If your father is having a lot of anxiety and agitation, as many folks with later stages of dementia do, he may benefit from a prescription for a mild anti-anxiety medication. It will help him to relax and may loosen this fear of guilt.
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Nazdrovia Jan 8, 2021
Thanks Taarna. Something you mentioned about your Grandmother always remembering dirt that was done to.her. when my Mum was dying in.hospital 2 yrs ago, My Dad asked his priest to come and say prayers with us. My Sister in Law was there and is not a Catholic. The prayers went on a bit. Anyway at the end of it,my dad apologized to.my sister in law bc it took so long. Well she went off her head bc she felt that he singled her out for being non Catholic and felt he had to apologize to her. She stormed out of the room. It upsets my father greatly still that she behaved this way and he still finds it hard to forgive her. I can see both sides but he should just let it go.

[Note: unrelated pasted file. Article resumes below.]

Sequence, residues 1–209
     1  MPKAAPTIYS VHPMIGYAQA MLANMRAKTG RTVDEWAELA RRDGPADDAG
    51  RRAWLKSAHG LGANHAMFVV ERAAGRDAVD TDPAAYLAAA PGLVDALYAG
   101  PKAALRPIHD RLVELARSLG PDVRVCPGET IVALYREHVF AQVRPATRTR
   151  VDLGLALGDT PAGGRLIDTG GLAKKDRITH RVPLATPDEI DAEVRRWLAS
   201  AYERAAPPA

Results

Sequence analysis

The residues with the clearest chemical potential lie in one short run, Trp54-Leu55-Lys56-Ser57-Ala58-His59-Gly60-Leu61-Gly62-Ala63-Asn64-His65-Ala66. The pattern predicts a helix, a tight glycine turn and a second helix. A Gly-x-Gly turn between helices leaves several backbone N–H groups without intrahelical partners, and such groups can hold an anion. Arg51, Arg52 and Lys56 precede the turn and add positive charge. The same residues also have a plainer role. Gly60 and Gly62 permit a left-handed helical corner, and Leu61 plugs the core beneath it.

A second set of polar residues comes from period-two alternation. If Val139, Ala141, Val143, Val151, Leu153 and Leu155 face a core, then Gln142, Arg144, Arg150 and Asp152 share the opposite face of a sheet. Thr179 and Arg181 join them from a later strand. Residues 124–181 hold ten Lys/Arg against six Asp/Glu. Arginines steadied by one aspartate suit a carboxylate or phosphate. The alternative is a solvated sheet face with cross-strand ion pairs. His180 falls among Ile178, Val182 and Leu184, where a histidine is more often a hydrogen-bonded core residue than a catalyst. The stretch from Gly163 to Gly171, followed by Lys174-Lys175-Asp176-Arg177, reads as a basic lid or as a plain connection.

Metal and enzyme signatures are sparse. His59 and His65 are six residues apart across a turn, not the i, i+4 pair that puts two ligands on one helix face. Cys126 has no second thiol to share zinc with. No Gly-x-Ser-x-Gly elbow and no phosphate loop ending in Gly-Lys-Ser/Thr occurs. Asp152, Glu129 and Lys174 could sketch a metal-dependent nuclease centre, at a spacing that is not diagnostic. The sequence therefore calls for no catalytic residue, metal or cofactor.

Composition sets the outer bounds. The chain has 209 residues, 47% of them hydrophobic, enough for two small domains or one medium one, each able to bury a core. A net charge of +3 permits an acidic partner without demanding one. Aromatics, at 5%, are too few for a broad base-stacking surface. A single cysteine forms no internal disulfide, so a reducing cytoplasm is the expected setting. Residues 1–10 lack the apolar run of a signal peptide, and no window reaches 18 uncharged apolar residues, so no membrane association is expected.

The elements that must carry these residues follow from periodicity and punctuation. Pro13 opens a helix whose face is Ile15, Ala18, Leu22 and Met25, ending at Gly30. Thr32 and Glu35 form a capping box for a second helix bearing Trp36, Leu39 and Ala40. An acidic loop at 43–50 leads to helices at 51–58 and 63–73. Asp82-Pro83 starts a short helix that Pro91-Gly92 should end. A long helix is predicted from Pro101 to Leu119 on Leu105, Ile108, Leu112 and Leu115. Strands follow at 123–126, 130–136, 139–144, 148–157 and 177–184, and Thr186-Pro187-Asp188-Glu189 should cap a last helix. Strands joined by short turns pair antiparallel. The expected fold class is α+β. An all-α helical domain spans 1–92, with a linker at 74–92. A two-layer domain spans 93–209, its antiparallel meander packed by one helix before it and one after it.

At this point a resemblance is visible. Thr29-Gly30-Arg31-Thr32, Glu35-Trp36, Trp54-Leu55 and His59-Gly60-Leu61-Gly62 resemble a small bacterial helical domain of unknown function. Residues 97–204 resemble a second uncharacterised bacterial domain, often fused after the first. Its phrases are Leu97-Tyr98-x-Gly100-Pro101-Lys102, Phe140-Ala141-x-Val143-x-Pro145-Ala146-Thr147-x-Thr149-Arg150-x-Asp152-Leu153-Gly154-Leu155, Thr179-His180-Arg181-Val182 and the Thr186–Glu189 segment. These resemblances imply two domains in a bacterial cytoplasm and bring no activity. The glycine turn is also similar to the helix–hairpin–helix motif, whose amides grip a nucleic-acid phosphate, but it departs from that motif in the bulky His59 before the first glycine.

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I am a life long Catholic in my 60's, and was diagnosed with Early Onset ALZ in the summer of 2016. Those of us from the 50's-70's were taught all about Catholic Guilt. It has never left me. I did go to confession and was anointed when I was diagnosed and unloaded my burdens and got back to a clean slate, which now continues to be dirtied, That and anointing are good for the conscience and soul. Now, I know I can only reliably remember I am a sinner and ask for forgiveness. I believe I've enteredmidstage of ALZ and accept it all, keep praying and attending Mass. I know my family will keep bringingme to Mass as long as they are able to do it, as I no longer can drive, by surrendering my license on my own volition nobody has had to tell me, that was 10 mos ago. Prayers for all of our patients and Caregivers.
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Reply to jfbctc